Sunday, 18 September 2016


2016-38  Noble Nature:  Ben Johnson

Ben Johnson [1572-1637]
Benjamin ["Ben"] Johnson (1572–1637) was an English playwright, poet, actor, and literary critic of the 17th century, whose artistry exerted a lasting impact upon English poetry and stage comedy.  He is generally regarded as the second most important English dramatist, after William Shakespeare. Johnson’s first widely acclaimed play, Every Man in His Humour, included William Shakespeare in its cast. Jonson was a classically educated, well-read and cultured man of the English Renaissance whose cultural influence was of unparalleled breadth upon the playwrights and the poets of his time. 

The Noble Nature
Ben Johnson [1572-1637]    

A tree 300-year old

It is not growing like a tree 
     In bulk, doth make man better be; 
Or standing long an oak, three hundred year, 
To fall a log at last, dry, bald, and sere: 
A lily of a day
          A lily of a day           Is fairer far in May,      Although it fall and die that night—      It was the plant and flower of Light.
In small proportions we just beauties see; And in short measures life may perfect be.

Analysis of the poem "The Noble Nature" by Ben Johnson
What makes us better as people? What makes us happier or gives our transient moments of wakefulness a lasting significance? Johnson's poem, extracted from a longer Ode, offers a pithy reply one rooted in commonsense rather than irony, punning or stylistic innovation, but no less profound for that. He compares an old tree with a lily that blooms and fades in a day.
Johnson says that we're not made better by mere "bulk" or "standing long." In other words, earthly power is irrelevant and so is mere endurance. Even the "three hundred year" oak, so strong in its prime, becomes "dry, bald and sere." 
The image of the tree chopped into firewood may symbolize being sacrificed to doing; beauty sacrificed to utilitarian purpose. Certainly, the next image brings to mind the Biblical injunction against needless work: "Consider the lilies of the field, how they grow; they toil not, neither do they spin." The lily or Eastern lotus is a flame of quiet joy in a world of duty, distraction, and war.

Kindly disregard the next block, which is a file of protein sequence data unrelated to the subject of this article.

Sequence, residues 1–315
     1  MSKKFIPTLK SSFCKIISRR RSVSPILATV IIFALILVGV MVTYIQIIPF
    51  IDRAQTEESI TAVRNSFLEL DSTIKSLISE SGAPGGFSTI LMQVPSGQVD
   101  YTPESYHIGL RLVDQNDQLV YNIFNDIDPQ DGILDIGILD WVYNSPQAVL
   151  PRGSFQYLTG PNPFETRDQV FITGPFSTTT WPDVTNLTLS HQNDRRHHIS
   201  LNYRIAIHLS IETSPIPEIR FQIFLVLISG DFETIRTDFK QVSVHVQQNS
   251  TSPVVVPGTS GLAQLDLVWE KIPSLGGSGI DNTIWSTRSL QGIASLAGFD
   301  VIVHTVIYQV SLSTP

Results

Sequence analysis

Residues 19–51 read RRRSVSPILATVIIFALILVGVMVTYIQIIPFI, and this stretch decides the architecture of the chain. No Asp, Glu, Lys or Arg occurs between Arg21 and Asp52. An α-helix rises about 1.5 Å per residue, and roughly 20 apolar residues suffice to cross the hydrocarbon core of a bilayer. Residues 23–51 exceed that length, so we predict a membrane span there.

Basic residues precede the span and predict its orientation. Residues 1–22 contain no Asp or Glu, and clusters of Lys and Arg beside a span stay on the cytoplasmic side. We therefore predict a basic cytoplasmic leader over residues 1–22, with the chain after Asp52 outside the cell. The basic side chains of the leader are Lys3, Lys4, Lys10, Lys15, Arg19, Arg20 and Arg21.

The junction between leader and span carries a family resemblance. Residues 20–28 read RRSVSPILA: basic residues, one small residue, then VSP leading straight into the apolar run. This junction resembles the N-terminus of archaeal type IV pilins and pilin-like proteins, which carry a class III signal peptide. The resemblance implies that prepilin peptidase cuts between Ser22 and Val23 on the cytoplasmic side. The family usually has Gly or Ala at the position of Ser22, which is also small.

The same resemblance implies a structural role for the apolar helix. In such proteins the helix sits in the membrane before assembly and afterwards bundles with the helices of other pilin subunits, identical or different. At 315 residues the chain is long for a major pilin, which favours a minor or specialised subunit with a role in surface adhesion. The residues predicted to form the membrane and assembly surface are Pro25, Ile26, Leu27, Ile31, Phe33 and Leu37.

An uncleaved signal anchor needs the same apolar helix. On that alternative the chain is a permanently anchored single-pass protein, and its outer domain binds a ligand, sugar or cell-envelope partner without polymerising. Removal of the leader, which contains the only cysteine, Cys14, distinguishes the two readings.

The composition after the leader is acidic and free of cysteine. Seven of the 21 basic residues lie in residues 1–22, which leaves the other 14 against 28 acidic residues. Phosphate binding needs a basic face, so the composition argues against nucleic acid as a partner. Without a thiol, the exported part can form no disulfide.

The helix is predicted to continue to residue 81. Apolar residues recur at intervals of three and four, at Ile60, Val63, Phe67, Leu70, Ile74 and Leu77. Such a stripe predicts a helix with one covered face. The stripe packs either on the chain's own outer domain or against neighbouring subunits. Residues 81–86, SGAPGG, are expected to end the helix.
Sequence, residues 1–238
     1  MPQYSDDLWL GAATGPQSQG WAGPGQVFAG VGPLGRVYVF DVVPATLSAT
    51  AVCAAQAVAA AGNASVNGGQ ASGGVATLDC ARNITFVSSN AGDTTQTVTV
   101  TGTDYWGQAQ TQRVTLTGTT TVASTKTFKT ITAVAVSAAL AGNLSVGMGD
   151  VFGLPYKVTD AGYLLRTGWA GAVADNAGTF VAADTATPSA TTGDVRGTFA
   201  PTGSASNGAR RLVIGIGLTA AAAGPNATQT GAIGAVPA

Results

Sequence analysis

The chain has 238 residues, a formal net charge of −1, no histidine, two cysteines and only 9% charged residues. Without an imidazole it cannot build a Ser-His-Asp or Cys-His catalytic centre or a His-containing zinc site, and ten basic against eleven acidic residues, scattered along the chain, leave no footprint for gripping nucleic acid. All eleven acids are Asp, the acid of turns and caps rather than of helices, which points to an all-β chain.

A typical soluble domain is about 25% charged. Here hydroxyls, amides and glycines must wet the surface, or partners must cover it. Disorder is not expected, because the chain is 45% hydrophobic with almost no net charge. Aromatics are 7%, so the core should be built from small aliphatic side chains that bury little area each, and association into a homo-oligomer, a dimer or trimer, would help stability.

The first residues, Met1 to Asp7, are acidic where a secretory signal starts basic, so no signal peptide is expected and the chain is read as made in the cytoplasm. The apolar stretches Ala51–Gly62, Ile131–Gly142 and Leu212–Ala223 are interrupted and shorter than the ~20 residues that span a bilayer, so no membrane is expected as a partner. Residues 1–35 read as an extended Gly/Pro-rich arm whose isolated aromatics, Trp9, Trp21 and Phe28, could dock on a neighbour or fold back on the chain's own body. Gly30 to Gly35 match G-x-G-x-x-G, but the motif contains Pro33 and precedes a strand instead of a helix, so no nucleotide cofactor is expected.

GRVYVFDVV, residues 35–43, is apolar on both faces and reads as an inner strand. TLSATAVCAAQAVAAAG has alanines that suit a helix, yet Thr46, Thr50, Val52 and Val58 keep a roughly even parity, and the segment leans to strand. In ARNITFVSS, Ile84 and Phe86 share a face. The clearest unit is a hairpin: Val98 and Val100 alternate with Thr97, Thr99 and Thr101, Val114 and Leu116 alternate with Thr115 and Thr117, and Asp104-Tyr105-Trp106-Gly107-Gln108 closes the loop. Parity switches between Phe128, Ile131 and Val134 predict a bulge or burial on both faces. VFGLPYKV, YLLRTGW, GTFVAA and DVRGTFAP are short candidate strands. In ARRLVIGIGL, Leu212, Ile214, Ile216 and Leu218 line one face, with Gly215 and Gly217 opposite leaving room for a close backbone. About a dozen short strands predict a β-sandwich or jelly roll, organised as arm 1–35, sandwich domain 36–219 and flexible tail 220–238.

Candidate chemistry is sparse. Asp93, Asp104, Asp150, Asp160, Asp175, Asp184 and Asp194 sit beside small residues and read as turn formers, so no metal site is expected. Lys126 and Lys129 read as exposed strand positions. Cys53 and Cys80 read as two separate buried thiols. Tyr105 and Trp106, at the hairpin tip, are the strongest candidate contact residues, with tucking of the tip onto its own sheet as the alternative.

As we read through the poem, we are drawn into a range of speculations. Do we prize use or beauty, quantity of time or quality? Could the tree represent the Tree of Knowledge in the Garden of Eden? By preferring the "lily" that "falls and dies" in one night, bringing to mind the fall of man and our entry into history, is Jonson suggesting that we are better off as outcasts from paradise? 
Although we so often long for utopia, once we got there we might well die of boredom. What reconciles time and eternity? Put together, the image of the "flower of light" and the notion that in "short measures life may perfect be" and we have a very good definition of an epiphany. This is a shining forth of reality. As Stephen Daedalus puts it in James Joyce's novel A Portrait of the Artist as a Young Man: "The three things requisite for beauty are integrity, a wholeness, symmetry and radiance. Its soul, its whatness, leaps to us from the vestment of its appearance."
What shines forth for us, even in "small proportions," is the sight of "just beauties." Here "just" means correctly proportioned. It gestures toward the idea of there being some kind of unchanging and unchangeable mathematical law made manifest in the frailest thing, whether a tulip or a blade of grass, as well as the vast spiraling patterns of planets and galaxies.
Johnson's poem is, itself, justly proportioned. Woven together by rhyming couplets, it expands and contracts organically, sound and sense in one breath. The meter is iambic, with the beat falling on every second syllable, carrying us forward. The opening lines contain four beats, but as the poem describes the growing "three hundred year" tree, another beat is added. As our attention is brought to the fleeting "lily," the lines shorten to three beats. The poem then lengthens, until we end with an emphatic iambic pentameter. Through this varying meter, what might have seemed trite is given a more surprising, and thus more persuasive, lilt.
What do we conclude? Our four score years and ten are indeed a short measure in the music of time. Most of our time is wasted in doubt and pointless activity punctuated by tragedy: The crushed ambition, the silly squabble that turns into a family feud, and the agony of bereavement. Yet when we least expect it, there is a sudden moment of grace a moment that bathes the mystery of life in the light of perfection. It could be a look, a lightning flash, this poem. 

YouTubeAudio: Ben Johnson's "Noble Nature":

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